Saturday, April 20, 2024

My Dating Life as an Eritrean-American

April 3, 2010  
Filed under Global Spotlight

On the prowl—them, not me.

By Semhar Debessai —

Silly me. Single, and just days into my 27th year, you’d think that my biggest dating fears would have been overcome by now. I—at the very least—thought I was sure of how the story began: boy meets girl, girl likes boy, boy and girl attempt to have a not-too-awkward first date. But it only took a couple of weeks in my hometown of Seattle to realize that even this chapter in the book of courtship had been accepted, on my part, in error.

I should explain first that I am a 1st generation, American-born woman of Eritrean descent (Eritrea is the farthest, eastern corner of Africa). And like many 1st-gen’ers of non-Western roots, the pressure to marry someone with the same cultural make-up hovers obtrusively over your prime dating years. Quickly, you realize that there’s no such thing as “casual” dating. Instead you have a population of young kids weened on the “Don’t forget where you came from” rhetoric of their melting pot-averse immigrant parents.

So, no offense to my twenty-something brethren of the dating world, but the stakes are much higher (and scarier) when you’ve got the aforementioned population giving each other the side-eye, carefully examining their choices because should you *gasp* not have anything else in common besides your parentage, it could very well become headline news in your respective, tight-knit (and undoubtedly gossip-prone) enclave.

But it isn’t the prospect of being fiercely prospected by the opposite sex in my community that has me frazzled. It is the presence of a new participant in this nationalistic romance roulette that has me redirecting my side-eye stare.

Enter: the mother of the (prospective) groom.

With the discovery that the legitimacy of an “arranged marriage” is not a pill that their Americanized offspring are willing to easily swallow, these new Eritrean moms-in-law-to-be have opted for a different, not-so-subtle approach to ensuring an ethnically homogeneous legacy.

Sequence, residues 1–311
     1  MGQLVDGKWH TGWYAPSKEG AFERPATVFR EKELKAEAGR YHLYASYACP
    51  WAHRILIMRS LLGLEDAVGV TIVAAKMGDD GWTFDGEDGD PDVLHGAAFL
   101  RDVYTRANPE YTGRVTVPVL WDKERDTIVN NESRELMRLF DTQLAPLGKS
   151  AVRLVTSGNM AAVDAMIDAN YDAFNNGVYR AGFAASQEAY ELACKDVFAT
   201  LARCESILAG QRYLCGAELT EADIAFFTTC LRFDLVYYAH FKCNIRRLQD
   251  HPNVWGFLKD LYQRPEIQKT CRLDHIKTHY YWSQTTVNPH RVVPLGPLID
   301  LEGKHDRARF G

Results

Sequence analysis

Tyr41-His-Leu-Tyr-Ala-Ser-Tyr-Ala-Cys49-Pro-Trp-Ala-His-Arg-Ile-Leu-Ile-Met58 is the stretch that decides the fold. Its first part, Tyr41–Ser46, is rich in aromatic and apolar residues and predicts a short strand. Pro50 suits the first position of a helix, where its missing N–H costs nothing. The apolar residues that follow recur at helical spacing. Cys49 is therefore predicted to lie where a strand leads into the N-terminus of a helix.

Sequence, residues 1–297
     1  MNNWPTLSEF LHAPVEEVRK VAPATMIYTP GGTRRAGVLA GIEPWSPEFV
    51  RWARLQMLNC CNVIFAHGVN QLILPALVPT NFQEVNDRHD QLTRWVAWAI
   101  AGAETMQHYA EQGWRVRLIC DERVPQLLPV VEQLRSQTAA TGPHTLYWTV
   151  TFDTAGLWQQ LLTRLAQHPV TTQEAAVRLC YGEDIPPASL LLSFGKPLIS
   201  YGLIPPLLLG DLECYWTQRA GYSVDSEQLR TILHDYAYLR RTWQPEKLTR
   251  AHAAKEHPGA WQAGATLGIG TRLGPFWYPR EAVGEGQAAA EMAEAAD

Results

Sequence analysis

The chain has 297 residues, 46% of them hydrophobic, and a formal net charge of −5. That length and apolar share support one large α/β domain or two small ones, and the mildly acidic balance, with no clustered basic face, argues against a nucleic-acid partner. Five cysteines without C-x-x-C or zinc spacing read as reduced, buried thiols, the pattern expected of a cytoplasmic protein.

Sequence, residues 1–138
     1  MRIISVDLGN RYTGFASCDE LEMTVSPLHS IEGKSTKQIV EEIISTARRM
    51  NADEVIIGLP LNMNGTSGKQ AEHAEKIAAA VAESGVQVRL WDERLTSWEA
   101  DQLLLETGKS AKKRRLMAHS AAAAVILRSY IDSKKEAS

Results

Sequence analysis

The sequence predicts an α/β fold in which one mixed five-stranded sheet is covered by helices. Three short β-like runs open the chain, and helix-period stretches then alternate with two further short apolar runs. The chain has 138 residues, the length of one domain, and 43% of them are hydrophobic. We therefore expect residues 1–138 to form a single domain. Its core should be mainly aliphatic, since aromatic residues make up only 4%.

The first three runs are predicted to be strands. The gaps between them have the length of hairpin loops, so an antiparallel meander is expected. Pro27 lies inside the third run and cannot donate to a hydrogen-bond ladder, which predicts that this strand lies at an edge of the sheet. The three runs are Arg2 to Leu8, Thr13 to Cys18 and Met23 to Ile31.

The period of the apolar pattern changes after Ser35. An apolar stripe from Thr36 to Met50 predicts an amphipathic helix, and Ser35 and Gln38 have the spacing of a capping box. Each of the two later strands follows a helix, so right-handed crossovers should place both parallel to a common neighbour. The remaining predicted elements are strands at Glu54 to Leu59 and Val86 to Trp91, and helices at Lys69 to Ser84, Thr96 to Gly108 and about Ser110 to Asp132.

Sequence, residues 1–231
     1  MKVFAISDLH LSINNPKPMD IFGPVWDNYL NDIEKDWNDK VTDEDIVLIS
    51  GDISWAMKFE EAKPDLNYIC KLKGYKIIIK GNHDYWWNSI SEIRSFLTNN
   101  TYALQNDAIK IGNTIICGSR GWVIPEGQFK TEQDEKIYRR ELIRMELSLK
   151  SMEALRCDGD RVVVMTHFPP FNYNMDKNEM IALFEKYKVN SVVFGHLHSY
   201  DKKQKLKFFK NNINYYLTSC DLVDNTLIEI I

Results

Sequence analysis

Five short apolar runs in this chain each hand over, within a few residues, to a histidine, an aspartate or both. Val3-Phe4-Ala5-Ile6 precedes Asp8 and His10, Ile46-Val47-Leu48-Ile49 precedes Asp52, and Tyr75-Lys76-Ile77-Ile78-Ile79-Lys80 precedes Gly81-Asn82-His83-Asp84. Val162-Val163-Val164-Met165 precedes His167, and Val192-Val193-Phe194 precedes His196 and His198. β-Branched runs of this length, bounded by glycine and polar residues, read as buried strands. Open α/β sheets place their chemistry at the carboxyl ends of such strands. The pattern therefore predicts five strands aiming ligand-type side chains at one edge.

Rewind to a few weeks ago. The scene: An uncharacteristically sunny Sunday in Seattle, at church with a predominantly Eritrean congregation. I sit with my mother waiting for service to start when a “church friend” of hers turns around to ask, “Is this your daughter?” My mother smiles and nods in confirmation as I reach my hand out to introduce myself. She accepts my hand and proceeds to inquire further about who I am—basic questions on how old I am, whether I was still in school, did I speak Tigrinia (our native tongue)—and with the occasional observation on aesthetics (“Such a nice smile”).

Now, this would be totally fine if (a) she was actually asking me these questions, but she wasn’t—she was asking my mother from whom I sat inches away; (b) dropping unsolicited information about her son, who, to my relief, wasn’t there; and (c) the whole thing didn’t begin to have an unsettling, used car dealership vibe to it.

Yeah, you know. It’ kind of like the questions you’d ask if you were looking to buy a, say, 2002 Honda Civic: “How many miles she got on her? Any recent accidents?” The whole exchange ended short of the overly inquisitive woman asking to look under my hood—(for the record, I draw the line at being taken for a test drive).